Bolton-le -Sands - A village of two halves
PUBLISHED: 12:18 15 August 2011 | UPDATED: 19:51 20 February 2013
Watercolour artist Gordon Wilkinson paints Bolton-le-Sands
Bolton-le-Sands is a village divided. Theres no controversy or consternation, simply the Lancaster Canal which cuts through the centre. The newer additions to the village stand to the west of the canal, across the water from its older parts.
The village, which overlooks Morecambe Bay, was simply known as Bolton until the railway arrived and the name was changed to avoid confusion on the timetables. And while the railway station closed in 1969, trains still race through along the West Coast main line.
But anyone who takes the slower route along the canal, or who pulls off the A6 and lingers a while will discover a village with a thriving community and plenty of amenities. The village boasts cricket and football grounds as well as two bowling greens and tennis courts and the countryside around the village is a haven for those who enjoy walking, whether woodland, coastal or beside the canal.
And there is no shortage of activities on offer in the village itself, with clubs and societies catering for every interest, from stamp collecting and photography to painting and gardening.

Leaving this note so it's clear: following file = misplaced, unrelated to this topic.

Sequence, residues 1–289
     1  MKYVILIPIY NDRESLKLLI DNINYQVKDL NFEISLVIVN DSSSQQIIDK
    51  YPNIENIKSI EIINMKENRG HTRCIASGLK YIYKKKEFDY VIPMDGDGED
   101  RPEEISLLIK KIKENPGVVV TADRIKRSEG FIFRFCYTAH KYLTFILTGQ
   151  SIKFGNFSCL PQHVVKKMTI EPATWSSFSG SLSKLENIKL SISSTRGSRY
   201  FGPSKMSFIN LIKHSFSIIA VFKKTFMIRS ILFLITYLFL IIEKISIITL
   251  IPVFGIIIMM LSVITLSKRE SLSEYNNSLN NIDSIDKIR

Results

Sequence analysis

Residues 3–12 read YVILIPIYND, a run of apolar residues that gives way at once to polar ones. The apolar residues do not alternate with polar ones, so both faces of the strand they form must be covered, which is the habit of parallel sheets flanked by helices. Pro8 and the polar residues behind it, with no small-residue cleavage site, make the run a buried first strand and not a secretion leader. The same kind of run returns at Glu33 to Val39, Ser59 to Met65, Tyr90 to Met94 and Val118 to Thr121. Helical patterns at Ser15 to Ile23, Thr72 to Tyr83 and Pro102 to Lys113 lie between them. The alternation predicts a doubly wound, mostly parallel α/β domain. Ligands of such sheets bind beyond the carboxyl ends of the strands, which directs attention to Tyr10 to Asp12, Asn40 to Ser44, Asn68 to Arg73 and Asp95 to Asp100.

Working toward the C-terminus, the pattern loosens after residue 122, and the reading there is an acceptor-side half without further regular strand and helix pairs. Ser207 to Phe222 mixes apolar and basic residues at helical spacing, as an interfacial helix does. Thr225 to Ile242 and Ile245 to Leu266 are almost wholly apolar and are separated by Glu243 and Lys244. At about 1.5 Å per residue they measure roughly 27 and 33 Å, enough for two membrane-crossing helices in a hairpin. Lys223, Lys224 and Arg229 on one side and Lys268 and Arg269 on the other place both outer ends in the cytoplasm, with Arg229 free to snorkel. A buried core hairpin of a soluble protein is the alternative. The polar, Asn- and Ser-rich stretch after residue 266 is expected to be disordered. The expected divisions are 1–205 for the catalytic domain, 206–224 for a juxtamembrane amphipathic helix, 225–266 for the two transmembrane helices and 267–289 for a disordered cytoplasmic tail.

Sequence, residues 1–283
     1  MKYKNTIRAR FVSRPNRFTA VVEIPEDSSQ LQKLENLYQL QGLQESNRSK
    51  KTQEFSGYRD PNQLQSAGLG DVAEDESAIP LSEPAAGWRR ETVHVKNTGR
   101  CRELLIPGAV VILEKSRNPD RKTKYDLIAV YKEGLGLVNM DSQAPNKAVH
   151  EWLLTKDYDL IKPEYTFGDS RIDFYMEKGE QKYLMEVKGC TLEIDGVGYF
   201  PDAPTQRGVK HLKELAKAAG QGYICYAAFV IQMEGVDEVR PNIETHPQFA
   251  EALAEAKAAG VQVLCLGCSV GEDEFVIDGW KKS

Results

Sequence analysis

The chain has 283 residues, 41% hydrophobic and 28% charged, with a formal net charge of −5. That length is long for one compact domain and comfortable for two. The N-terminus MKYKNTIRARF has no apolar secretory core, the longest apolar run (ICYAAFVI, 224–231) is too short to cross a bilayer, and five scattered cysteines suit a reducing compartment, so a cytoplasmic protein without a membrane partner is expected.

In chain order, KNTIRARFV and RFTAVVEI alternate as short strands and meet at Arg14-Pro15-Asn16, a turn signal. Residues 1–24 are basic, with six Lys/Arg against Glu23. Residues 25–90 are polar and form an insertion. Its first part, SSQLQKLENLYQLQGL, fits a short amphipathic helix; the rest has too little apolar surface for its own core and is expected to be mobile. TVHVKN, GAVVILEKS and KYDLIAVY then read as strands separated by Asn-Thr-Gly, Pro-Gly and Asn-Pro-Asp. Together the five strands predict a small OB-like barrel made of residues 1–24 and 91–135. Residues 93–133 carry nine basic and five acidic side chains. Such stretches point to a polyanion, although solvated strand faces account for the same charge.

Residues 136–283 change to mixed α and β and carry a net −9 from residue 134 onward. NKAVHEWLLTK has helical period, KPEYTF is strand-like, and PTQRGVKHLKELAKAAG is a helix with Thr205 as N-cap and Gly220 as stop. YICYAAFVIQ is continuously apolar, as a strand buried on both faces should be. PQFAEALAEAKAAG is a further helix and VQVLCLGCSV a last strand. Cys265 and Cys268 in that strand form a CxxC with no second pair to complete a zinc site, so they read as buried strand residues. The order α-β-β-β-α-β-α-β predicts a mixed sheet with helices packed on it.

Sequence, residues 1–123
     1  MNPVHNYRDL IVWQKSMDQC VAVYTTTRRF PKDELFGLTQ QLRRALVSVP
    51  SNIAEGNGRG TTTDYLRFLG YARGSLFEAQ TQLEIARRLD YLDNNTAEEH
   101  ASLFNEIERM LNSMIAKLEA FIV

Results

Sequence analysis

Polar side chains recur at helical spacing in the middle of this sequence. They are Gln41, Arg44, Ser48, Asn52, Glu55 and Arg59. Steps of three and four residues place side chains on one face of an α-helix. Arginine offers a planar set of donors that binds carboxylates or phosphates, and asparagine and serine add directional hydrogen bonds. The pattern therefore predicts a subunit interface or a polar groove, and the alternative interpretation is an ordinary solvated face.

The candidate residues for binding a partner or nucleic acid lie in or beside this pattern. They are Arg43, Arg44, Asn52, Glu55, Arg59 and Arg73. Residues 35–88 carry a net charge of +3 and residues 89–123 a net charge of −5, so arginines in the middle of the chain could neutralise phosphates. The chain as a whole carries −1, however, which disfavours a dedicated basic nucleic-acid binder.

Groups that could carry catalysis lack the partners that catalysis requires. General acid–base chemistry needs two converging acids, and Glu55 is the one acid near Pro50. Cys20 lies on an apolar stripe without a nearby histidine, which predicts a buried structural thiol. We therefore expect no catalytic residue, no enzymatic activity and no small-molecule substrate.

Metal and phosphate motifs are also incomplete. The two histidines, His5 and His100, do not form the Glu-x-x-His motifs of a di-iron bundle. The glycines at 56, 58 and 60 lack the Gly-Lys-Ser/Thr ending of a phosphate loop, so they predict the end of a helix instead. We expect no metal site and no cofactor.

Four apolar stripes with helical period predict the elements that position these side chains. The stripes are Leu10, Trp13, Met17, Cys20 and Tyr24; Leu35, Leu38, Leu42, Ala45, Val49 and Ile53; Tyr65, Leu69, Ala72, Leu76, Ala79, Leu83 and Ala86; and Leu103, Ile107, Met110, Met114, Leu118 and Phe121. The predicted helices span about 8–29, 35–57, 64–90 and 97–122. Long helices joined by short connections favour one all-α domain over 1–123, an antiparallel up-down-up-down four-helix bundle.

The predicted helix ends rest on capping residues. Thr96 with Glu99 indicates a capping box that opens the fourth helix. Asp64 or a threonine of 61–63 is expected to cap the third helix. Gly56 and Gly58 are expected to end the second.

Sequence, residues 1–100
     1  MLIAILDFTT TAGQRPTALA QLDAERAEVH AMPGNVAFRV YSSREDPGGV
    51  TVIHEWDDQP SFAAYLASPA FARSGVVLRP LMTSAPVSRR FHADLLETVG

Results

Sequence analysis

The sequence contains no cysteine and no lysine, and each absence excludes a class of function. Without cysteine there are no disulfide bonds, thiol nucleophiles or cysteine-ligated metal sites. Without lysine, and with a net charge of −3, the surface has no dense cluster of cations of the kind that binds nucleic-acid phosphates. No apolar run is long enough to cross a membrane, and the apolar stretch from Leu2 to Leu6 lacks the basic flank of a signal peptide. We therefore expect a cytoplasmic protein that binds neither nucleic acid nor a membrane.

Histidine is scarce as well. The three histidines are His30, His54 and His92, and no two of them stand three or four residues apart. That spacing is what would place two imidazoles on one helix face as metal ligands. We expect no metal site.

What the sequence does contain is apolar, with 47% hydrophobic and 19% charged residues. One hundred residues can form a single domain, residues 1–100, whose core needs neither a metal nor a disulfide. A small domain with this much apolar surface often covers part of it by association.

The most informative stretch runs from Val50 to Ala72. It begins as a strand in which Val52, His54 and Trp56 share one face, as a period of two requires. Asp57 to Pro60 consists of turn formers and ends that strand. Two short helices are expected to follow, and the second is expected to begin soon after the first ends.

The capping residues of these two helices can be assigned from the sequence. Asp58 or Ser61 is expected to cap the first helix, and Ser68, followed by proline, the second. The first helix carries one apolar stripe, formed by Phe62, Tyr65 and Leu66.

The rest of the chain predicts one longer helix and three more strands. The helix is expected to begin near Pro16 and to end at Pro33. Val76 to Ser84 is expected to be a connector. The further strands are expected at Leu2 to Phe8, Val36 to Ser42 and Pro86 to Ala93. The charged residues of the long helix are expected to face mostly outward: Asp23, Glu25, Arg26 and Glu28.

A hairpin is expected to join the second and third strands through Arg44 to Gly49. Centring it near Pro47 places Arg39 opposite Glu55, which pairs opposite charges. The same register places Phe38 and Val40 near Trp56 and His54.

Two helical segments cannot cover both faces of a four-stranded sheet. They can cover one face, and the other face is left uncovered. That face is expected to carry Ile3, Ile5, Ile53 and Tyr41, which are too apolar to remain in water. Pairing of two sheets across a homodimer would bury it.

Reverend Gerwyn Capon is the vicar at Holy Trinity Church. He said: Bolton le-Sands claims to be one of the largest villages in England. It is odd as it seems to be sliced in two by the canal. It is not a classic Lancashire village.
It is a working village but it still has a community feel and a traditional village atmosphere.
The 11th century church has a tower which dates back to around 1500 and Rev Capon added: The church has evolved over a period of time. The tower is medieval but the rest of the building was built in the 19th century.
You can see the ancient stones within the tower which are true artefacts from the Saxon age. It is amazing to think that this site has been a place of Christian worship for over twelve hundred years.
The road to Bolton-le-Sands
Where it is: The village stands at the junction of the A6 and the A5105 roughly half way between Carnforth and Morecambe, where the nearest railway stations are. If you have a satnav, LA5 8DQ will take you to the village centre.
Where to park: On-street parking is available around the village.
What to do: Take a walk by the canal, enjoy the views across Morecambe Bay and unwind in one of the villages cafes or pubs.